Like McCandless, Proenneke’s level of fitness at the start of his journey was extraordinary, and he also had the self-discipline to keep a diary.
Unlike McCandless, Dick Proenneke was a skilled carpenter, mechanic and repairman who financed his Alaska lifestyle with his hard-earned retirement income. McCandless was a college graduate who gave away $24,000, the bulk of the college fund that his self-made millionaire parents gave him, to charity and burned most of his remaining cash.
Proenneke’s meticulous planning is documented in a book and a film, “One Man’s Wilderness”. As spare and business-like as the author, this documentary lacks “Into the Wild”‘s philosophical, introspective and idealistic tone – not a bad thing. As a result, “One Man’s Wilderness” is fresh and inspirational, while “Into the Wild”, a more recent film, comes across as dated and clich
Thanks again to Live Journal for reviving this entertaining meme:
1. If you were to have a scholarship created in your honor, what qualities would you look for in applicants (leadership, service, GPA, etc.)?
I would look for two things: evidence of strong intellectual discipline and curiosity – such as teaching oneself a new language or building/repairing a house without help – and proof of overcoming long odds – adoption, physical deformity, recovery from serious illness.
2. Who would be eligible to apply for your scholarship (members of a certain major, ethnic group, sexuality, etc.)?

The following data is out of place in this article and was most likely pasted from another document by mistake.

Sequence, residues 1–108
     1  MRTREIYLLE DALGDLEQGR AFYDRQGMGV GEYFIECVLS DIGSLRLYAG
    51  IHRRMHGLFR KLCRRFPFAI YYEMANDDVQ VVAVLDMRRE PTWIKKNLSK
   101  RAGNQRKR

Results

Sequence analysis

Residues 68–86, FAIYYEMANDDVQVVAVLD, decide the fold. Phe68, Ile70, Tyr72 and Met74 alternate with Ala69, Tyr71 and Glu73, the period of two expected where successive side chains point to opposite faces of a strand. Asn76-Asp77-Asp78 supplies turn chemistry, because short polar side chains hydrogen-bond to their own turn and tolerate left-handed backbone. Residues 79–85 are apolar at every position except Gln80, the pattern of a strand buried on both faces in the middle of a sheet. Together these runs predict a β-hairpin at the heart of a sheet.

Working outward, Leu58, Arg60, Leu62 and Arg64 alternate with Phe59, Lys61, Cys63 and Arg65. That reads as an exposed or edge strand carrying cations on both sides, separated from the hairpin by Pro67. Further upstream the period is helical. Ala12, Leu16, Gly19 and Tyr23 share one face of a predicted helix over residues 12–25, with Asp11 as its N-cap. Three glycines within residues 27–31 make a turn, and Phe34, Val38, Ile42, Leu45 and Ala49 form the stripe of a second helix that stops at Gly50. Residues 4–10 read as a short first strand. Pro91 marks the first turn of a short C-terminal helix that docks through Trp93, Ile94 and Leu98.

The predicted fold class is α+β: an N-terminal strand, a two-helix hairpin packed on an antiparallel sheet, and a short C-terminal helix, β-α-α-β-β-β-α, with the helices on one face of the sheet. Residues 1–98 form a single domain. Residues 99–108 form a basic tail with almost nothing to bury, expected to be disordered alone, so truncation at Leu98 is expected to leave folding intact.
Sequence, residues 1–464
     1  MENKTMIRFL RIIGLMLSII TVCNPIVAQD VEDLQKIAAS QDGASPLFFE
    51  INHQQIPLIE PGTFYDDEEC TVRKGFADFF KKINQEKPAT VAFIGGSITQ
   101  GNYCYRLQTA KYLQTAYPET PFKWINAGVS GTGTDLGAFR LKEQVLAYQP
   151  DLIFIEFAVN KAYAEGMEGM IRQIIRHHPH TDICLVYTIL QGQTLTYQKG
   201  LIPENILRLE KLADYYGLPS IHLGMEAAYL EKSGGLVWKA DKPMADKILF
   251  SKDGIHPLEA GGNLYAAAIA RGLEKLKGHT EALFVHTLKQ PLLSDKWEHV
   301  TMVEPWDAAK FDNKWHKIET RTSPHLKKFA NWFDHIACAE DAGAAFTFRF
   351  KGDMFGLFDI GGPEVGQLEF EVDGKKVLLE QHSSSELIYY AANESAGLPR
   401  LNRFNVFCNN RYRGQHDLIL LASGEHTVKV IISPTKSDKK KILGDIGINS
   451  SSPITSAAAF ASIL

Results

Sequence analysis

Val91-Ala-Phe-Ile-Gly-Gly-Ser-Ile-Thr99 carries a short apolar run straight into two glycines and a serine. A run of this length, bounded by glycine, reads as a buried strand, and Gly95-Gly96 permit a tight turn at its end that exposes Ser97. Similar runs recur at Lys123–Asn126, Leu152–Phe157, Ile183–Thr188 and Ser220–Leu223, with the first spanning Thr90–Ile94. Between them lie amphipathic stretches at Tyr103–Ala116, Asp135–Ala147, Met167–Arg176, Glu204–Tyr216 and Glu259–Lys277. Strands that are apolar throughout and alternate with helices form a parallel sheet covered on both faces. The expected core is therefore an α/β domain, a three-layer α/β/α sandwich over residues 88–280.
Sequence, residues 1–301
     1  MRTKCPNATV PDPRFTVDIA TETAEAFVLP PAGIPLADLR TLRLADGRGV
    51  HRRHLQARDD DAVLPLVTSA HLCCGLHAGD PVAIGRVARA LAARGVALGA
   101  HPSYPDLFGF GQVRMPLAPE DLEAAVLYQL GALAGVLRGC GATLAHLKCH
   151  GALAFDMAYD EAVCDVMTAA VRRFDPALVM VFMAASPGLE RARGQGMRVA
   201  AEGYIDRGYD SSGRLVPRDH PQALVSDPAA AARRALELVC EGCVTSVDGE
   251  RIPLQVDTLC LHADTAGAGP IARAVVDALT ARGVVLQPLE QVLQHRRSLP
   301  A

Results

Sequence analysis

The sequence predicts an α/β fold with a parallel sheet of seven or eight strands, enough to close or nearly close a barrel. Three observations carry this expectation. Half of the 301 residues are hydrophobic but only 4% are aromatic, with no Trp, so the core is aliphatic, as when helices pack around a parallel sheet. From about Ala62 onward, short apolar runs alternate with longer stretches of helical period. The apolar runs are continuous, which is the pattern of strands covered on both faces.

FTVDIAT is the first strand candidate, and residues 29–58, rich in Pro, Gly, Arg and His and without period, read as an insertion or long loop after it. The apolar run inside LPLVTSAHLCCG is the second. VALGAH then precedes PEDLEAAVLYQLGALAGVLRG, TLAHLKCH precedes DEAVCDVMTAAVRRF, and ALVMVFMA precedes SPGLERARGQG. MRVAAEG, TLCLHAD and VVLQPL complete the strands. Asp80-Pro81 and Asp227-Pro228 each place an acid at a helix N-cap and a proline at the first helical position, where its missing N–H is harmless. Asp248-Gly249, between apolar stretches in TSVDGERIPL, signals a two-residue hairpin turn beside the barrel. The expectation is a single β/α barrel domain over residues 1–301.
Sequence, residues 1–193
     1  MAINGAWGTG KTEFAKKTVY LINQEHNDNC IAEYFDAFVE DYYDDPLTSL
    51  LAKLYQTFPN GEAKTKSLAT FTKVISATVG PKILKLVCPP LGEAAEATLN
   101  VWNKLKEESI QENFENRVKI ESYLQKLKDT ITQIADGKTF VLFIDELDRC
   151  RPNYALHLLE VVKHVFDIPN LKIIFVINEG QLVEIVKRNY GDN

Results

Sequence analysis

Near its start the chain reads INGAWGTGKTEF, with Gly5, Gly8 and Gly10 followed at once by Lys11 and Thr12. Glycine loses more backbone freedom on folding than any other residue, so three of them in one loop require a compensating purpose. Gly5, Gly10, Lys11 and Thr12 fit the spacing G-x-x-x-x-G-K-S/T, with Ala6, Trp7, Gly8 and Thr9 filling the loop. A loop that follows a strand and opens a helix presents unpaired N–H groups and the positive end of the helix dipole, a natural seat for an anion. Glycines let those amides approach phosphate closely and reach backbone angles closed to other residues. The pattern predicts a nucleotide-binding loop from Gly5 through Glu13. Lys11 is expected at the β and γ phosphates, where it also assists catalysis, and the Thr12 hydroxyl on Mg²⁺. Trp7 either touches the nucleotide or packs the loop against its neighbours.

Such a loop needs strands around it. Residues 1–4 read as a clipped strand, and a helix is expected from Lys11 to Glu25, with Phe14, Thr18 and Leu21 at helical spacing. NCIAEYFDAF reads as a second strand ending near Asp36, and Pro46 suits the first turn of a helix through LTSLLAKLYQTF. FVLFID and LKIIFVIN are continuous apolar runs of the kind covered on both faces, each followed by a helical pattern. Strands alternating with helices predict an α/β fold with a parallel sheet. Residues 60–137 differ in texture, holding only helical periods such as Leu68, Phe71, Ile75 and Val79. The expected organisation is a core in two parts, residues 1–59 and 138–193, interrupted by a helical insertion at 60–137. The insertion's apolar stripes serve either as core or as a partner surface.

Women over forty who have never been married and who wish to enter a profession that is predominantly male.
3. Would it be need-based or not? Why?
I think any middle-aged woman who’s never been married would a priori meet a needs test, so it wouldn’t be necessary to explicitly impose such a requirement.
4. What would you call it?
A Second Chance
5. If you made applicants write an essay, what would the topic be?
Instead of a written interview, I’d prefer a presentation on any scientific, technical, engineering, mathematical, historical or political topic.
From NPR, A Puritan View Of The Crash by Dick Meyer:
But it wasn’t OK when midlevel, 30-year-old workers in big, corporate investment banks were routinely making over $5 million a year. It wasn’t OK when the top hedge fund operators could make a billion a year.
“In 1960, the ratio of CEO pay at large companies to that of the president of the United States was about 2 to 1. In 2007, it was more than 20 to 1,” wrote Harvard scholars Rakesh Khurana and Andy Zelleke in The Washington Post. “In 1980, executives at large companies made about 40 times what the average worker made. Last year, CEOs made about 360 times more than the average worker.”
“On the NYSE today, the average share is held for less than a year, as compared to about five years in 1960 and two years in 1990,” the authors wrote. “What matters isn’t what the companies are actually doing but the expectation that the shares can be unloaded to a ‘greater fool’ at a higher price. In the prevailing business culture, little has been meaningfully valued by either executives or shareholders beyond the short-term accumulation of wealth.”
The rise of both the financial services sector and executive compensation contributed to a deeper and more important shift in the economy: the growth of income inequality.
Economists gauge differences in income using a measure called the Gini index. According to the U.S Census Bureau, the index went from 0.38 in 1968 to 0.47 in 2006, a rise in income inequality of 24 percent.
In 2004, the top 10 percent of earners made 42.9 percent of all the income Americans earned, accorded to a well-known study by Thomas Piketty and Emmanuel Saez. The top 1 percent alone swallowed 16.2 percent of total American income. By the way, to get into that top 1 percent in 2004, you needed to earn $20 million a year or $385,000 a week. Good luck with that.